Philippine foreign minister apologises to Chinese counterpart for 'outburst of temper'

He had earlier dropped the f-bomb in an expletive-laden tweet condemning Chinese actions in disputed waters.

Kayla Wong | May 05, 2021, 10:29 AM

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The Philippines' top diplomat has apologised on Tuesday, May 5, for an expletive-laden tweet demanding China to get out of a disputed area in the South China Sea.

Apologising only to Chinese foreign minister

However, Foreign Secretary Teodoro Locsin Jr., who is known for his occasional blunt remarks, stressed that he was apologising only to his Chinese counterpart, Wang Yi.

He said in a tweet: "I won't plead the last provocation as an excuse for losing it; but if Wang Yi is following Twitter, then I'm sorry for hurting his feelings, but his alone."

Taking it down a peg

In several tweets on Wednesday, May 5, that commented on his latest outburst, Locsin appeared to have taken his emotions down a notch, saying "there is no excuse for bad manners", and that he "must re-earn the friendship of Wang Yi".

He even complimented Wang, praising his "elegance", and his ability to keep his cool "under the worst provocations as in Anchorage".

Locsin even claimed that he sought Wang's advice before he attended the Asean Leaders' Meeting in Indonesia, adding that he "followed it to the letter".

Justified his outburst

In addition, while he admitted that he had "lost it this time", he justified his outburst by saying he was "provoked by the latest grossest territorial violation".

However, he doubled down on the Philippines' claim to "the entirety of the West Philippine Sea and Scarborough Shoal".

Nevertheless, in refuting China's accusation of the Philippines practising "megaphone diplomacy", Locsin promised not to have another "outburst of temper" like the one he had earlier, saying there are "many ways to skin a cat; a cleaver is not the right instrument".

Outburst annoyed Duterte

Locsin's apology came in the wake of televised remarks made by Philippine President Duterte on Monday night, May 3.

According to AP, he said: "Just because we have a conflict with China does not mean to say that we have to be rude and disrespectful."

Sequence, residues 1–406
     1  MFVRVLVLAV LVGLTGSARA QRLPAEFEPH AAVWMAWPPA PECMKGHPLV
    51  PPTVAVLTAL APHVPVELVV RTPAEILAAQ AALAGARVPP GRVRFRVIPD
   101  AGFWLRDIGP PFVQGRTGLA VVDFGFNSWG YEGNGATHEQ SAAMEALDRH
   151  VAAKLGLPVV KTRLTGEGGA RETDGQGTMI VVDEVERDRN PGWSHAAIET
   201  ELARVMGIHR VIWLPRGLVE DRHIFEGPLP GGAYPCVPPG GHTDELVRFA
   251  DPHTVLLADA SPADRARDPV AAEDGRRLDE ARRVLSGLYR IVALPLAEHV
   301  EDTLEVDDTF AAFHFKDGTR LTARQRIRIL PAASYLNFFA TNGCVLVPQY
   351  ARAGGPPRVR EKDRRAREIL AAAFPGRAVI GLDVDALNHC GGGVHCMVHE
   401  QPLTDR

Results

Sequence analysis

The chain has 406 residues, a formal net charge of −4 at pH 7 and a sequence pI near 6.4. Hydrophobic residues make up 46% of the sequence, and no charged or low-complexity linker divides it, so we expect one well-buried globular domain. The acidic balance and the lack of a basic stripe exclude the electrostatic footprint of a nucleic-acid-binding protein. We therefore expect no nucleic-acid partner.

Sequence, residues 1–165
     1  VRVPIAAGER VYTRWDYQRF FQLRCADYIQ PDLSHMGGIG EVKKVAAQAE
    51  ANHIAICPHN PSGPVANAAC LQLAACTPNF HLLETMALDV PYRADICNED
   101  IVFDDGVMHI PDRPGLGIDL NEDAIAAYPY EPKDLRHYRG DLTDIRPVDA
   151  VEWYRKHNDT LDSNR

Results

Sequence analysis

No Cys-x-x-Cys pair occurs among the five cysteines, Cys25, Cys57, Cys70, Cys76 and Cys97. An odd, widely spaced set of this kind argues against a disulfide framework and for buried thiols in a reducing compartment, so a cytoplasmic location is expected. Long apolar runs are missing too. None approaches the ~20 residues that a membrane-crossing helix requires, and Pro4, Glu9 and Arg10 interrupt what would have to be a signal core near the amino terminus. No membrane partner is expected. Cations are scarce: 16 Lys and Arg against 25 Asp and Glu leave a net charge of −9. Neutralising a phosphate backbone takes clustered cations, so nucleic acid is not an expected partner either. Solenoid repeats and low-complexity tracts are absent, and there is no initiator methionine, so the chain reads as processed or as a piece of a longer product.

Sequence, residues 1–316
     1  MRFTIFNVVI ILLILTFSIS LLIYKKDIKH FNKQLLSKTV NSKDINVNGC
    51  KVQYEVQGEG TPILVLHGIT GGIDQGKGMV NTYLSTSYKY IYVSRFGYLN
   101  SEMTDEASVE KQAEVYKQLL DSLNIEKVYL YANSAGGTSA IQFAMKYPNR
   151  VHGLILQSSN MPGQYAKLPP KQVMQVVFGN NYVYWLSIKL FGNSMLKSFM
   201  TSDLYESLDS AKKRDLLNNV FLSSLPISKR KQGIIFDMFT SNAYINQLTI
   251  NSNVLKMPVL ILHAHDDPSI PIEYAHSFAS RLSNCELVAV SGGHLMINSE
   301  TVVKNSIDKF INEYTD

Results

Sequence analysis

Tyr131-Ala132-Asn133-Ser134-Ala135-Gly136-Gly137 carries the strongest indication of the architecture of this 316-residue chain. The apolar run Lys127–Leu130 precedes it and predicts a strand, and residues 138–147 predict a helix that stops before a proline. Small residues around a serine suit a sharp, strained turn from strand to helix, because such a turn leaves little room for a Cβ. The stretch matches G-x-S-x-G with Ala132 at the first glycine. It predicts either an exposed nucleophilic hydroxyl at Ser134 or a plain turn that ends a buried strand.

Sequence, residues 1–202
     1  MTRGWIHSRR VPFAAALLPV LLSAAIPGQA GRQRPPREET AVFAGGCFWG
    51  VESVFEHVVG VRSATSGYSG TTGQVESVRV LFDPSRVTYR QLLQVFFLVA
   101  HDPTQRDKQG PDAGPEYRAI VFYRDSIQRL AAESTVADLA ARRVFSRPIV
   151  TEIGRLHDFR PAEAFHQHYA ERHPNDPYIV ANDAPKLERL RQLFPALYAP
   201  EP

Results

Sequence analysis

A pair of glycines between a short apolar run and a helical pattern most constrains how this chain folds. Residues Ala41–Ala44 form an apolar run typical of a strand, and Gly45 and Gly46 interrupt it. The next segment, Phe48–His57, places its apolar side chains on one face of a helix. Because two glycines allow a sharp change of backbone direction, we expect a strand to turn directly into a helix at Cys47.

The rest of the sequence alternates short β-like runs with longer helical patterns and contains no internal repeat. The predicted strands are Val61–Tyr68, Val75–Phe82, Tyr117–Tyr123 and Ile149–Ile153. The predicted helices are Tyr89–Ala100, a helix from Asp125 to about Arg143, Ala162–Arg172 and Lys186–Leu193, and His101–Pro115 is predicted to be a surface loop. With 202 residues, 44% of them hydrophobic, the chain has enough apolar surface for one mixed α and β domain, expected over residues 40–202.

"We have many things to thank China for the help in the past and its assistance now."

His spokesperson had also told reporters at a regular press conference that "only the President can cuss".

Since taking office in 2016, Duterte had pursued friendly ties with China, a country that is crucial to his administration's ambitious infrastructure and investment plans.

He had refrained from criticising China even when Beijing demanded Manila to withdraw navy and coast guard vessels patrolling Philippine waters in the South China Sea, and continued to call China a "good friend".

Philippines' approach China

Duterte's remarks after Locsin's outburst was said to be a tactic that the Philippine government employs with regard to China.

Taipei-based journalist Nick Aspinwall opined on The Diplomat that Manila has "a familiar pattern" of having Duterte's "hawkish cabinet officials" make strong public statements condemning China's actions, while Duterte himself would even it out and bring it home by praising China.

This approach is thought to both satisfy domestic audiences by asserting the Philippines' stance and standing up to China, while also help to retain Chinese economic cooperation.

China urged "basic etiquette"

In response to Locsin's profanity-ridden tweet, China's foreign ministry had urged the Philippines to observe "basic etiquette", Reuters reported.

China also called on the Philippines to refrain from "microphone diplomacy", saying that it cannot change the facts, and only undermines "mutual trust".


In his controversial tweet, Locsin had likened China to "an ugly oaf" that was "forcing [its] attentions on a handsome guy who wants to be a friend".

His tweet had come in the wake of the Philippines foreign ministry protesting the presence of over 200 Chinese vessels at Whitsun Reef that's part of the disputed Spratly Islands, which China and Vietnam also lay claim to.

While China had insisted that the vessels were just fishing boats that were taking shelter from rough seas, and not part of China's maritime militia, photographs of the vessels showed little to no fishing equipment onboard.

Analysts from the U.S. Naval War College had also proven otherwise by pointing out that many vessels were known to be part of China's maritime militia.

While they were first observed on Mar. 21, it was later reported that only a handful of them remain in the area.

Top image of Locsin and Wang on Jan. 16 this year in Manila via Getty Images